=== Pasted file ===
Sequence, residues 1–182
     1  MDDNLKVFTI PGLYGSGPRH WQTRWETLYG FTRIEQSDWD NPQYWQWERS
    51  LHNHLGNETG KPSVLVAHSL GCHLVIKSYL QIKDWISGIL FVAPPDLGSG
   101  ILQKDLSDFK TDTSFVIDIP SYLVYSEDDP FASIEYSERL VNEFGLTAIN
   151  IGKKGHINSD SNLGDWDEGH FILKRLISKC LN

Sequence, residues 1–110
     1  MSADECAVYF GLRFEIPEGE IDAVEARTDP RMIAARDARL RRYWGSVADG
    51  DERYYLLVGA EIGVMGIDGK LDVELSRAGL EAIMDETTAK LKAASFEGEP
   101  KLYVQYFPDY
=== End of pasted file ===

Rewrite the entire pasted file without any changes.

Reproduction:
Sequence, residues 1–182
     1  MDDNLKVFTI PGLYGSGPRH WQTRWETLYG FTRIEQSDWD NPQYWQWERS
    51  LHNHLGNETG KPSVLVAHSL GCHLVIKSYL QIKDWISGIL FVAPPDLGSG
   101  ILQKDLSDFK TDTSFVIDIP SYLVYSEDDP FASIEYSERL VNEFGLTAIN
   151  IGKKGHINSD SNLGDWDEGH FILKRLISKC LN

Sequence, residues 1–110
     1  MSADECAVYF GLRFEIPEGE IDAVEARTDP RMIAARDARL RRYWGSVADG
    51  DERYYLLVGA EIGVMGIDGK LDVELSRAGL EAIMDETTAK LKAASFEGEP
   101  KLYVQYFPDY